If we are to grow in love, we need to be prepared to grow in giving of ourselves. Love and selfishness are not compatible. Selfishness wants to hoard what we have so we can have it all ourselves. Love opens our hearts to the needs of others and gives. It’s painful at times. It’s costly. Sometimes it’s even sacrificial. But if we are to want and work for the good of others, it will cost us something. Love gives. 


Then in vv. 4-7 Paul then paints a portrait of what love is, using both bright colors and dark colors to paint that portrait. He says what love is, and then he spends a good deal of time on what love isn’t, and then he returns to what love is. We can’t get through this list even going quickly in one week, so we’ll begin the list and finish it next week. 


  1. Love treats others well 


Love is patient and kind. (vs. 4)


Being patient and kind is really not that hard to do – until it’s hard to do. There are times when it is easy to be patient and kind. Most of you are being patient and kind to one another right now and it’s pretty easy. Personally, I find it very easy to be patient and kind right now. When it’s easy to be patient and kind isn’t when love measures our patience and kindness. It’s when it’s hard. Like when your boss is being a jerk. Or when your husband is being a jerk. Or when your wife is being a nag. Or when your kids are driving you crazy. Relationships are intrinsic to discipleship, and relationships will inevitably come to places where it’s hard to be patient and kind. 


Being at youth camp this past week I had to leave the camp at times to work on the message and so on Friday morning I’m driving to a Starbucks to work and I’m literally just two miles away from the exit it’s off of, when I come to a massive traffic jam due to road work. Then after waiting in one line, they then fed us off the highway one exit short of my exit for a detour. OK, I figured a short detour and then I’m there. 15 minutes. 20 minutes. 45 minutes, and according to GPS I’m not 2 miles away from SB anymore, now I’m 7 miles away! And there’s no end to the delay in sight. My morning is being eaten away and I’m sitting in traffic and can’t do anything about it.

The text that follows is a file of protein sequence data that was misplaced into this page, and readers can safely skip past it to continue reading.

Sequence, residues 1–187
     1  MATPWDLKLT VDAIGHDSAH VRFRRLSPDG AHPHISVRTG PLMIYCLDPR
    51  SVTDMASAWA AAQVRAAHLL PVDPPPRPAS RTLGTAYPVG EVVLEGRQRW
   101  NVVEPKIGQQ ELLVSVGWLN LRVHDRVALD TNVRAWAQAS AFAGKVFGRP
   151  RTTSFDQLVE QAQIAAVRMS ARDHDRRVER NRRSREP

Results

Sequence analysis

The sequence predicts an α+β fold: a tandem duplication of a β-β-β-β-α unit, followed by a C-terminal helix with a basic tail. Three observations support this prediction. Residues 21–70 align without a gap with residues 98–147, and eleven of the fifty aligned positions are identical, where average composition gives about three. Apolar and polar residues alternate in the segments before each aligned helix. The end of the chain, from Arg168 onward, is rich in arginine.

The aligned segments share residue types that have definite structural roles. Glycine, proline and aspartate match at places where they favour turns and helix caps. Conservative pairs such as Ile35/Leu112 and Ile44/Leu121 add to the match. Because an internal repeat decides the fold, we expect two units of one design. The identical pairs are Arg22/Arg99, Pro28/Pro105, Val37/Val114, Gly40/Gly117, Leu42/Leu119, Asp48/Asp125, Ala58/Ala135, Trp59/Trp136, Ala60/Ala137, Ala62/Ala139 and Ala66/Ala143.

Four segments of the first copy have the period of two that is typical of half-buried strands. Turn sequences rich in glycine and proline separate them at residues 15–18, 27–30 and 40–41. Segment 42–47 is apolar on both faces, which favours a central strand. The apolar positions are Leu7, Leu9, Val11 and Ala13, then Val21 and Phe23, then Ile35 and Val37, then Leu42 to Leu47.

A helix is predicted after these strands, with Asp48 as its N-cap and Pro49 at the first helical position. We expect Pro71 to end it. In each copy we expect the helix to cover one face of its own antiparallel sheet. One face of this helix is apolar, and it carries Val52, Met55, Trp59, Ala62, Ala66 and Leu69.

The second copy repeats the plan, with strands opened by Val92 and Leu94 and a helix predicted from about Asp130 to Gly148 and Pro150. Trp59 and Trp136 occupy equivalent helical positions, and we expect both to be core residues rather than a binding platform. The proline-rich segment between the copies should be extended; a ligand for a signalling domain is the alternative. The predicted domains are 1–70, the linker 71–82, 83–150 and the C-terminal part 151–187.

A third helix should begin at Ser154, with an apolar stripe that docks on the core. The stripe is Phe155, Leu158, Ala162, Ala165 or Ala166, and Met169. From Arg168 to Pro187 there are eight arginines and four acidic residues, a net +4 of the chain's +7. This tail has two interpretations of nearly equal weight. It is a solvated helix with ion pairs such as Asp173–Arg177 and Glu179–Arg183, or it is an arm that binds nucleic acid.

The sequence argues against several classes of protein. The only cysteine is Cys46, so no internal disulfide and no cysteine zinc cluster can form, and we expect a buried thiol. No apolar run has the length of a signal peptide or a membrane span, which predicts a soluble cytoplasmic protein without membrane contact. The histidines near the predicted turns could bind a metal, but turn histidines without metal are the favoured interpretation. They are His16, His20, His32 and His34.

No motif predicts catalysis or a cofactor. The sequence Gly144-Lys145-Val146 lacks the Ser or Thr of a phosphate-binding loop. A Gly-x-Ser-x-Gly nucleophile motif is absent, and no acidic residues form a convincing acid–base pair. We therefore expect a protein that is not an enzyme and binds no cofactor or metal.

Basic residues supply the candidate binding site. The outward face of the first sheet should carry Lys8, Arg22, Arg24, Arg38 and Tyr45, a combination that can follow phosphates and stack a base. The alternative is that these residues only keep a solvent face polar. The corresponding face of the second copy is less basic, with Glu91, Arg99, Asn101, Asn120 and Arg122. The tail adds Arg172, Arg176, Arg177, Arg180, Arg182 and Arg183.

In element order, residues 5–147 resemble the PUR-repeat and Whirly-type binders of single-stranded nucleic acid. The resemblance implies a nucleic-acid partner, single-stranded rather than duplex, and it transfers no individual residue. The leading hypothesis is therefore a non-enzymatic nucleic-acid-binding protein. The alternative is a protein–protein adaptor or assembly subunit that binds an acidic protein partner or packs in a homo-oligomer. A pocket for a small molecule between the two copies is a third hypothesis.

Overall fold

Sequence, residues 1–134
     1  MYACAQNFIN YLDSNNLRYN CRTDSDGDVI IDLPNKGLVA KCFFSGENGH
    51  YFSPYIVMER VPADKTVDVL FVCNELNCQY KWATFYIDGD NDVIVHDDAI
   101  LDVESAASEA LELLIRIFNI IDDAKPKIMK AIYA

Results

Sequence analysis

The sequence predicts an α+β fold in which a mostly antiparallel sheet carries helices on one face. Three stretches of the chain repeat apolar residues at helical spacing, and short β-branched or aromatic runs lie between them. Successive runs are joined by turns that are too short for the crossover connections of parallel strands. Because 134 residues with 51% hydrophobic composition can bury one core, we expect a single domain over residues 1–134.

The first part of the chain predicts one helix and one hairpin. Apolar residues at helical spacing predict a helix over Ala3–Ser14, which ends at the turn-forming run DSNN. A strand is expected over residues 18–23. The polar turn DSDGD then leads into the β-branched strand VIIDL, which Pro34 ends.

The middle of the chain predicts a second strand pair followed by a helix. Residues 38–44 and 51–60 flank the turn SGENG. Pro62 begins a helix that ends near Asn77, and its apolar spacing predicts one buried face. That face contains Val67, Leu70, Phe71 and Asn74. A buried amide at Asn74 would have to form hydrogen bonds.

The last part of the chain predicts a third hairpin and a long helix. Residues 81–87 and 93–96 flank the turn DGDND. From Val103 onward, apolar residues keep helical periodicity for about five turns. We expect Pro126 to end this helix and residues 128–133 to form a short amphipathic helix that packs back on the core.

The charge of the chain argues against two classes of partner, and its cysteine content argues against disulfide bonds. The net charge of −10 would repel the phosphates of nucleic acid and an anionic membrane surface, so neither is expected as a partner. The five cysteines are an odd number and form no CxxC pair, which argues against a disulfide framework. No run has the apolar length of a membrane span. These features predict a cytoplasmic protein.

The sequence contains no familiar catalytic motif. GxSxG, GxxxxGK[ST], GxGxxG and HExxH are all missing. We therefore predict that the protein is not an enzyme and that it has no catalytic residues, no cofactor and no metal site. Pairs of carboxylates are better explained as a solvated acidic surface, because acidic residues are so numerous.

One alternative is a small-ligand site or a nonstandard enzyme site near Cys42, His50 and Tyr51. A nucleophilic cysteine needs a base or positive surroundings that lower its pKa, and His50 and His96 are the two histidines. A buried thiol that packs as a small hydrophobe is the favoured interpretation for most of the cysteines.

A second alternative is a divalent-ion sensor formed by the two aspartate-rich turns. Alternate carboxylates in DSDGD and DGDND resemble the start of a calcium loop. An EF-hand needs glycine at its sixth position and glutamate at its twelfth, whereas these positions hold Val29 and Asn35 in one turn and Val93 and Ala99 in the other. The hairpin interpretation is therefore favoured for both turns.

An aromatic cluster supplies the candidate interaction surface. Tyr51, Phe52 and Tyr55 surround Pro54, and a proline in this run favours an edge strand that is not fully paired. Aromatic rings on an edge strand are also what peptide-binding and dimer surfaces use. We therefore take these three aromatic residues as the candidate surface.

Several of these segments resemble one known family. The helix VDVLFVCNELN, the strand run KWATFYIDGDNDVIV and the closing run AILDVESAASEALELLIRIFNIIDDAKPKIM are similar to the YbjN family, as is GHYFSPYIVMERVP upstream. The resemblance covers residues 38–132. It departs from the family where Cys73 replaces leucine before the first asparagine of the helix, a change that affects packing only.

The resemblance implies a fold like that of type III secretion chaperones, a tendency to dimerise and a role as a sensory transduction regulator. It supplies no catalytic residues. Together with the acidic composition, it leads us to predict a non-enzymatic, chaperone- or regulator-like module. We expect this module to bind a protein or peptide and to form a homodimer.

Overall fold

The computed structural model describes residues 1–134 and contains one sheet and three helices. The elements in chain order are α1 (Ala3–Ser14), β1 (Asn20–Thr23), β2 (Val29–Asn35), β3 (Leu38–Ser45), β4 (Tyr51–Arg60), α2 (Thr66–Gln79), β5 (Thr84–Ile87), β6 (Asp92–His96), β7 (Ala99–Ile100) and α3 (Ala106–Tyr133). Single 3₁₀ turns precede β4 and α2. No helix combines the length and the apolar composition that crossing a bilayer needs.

Before all this happened, there was one of those signs that said, Expect Delays.  Just before I get caught in a long delay, I get a message to expect it. What good does that do me? If they had texted me the night before with that information it might have been useful. If they had even just gotten that message over to me early that morning I could have done something about it. But just before you hit a traffic jam with no where to go, how does it help to read, Expect Delays? The only thing that it does is to set my expectations and prepare me to be patient.


When it comes to our relationships, it’s easy to be patient and kind when they go where we want them to go and get there in a relatively straight line. But when our relationships take strange and unexpected detours that we don’t want, in those moments our natural response is to be impatient and unkind. God says, expect delays. Be patient and be kind, even when it’s hard. See, discipleship is intrinsically relational work, but relationships are messy, and unpredictable, and they rarely go in straight lines right where we want them to. People don’t always cooperate with our expectations.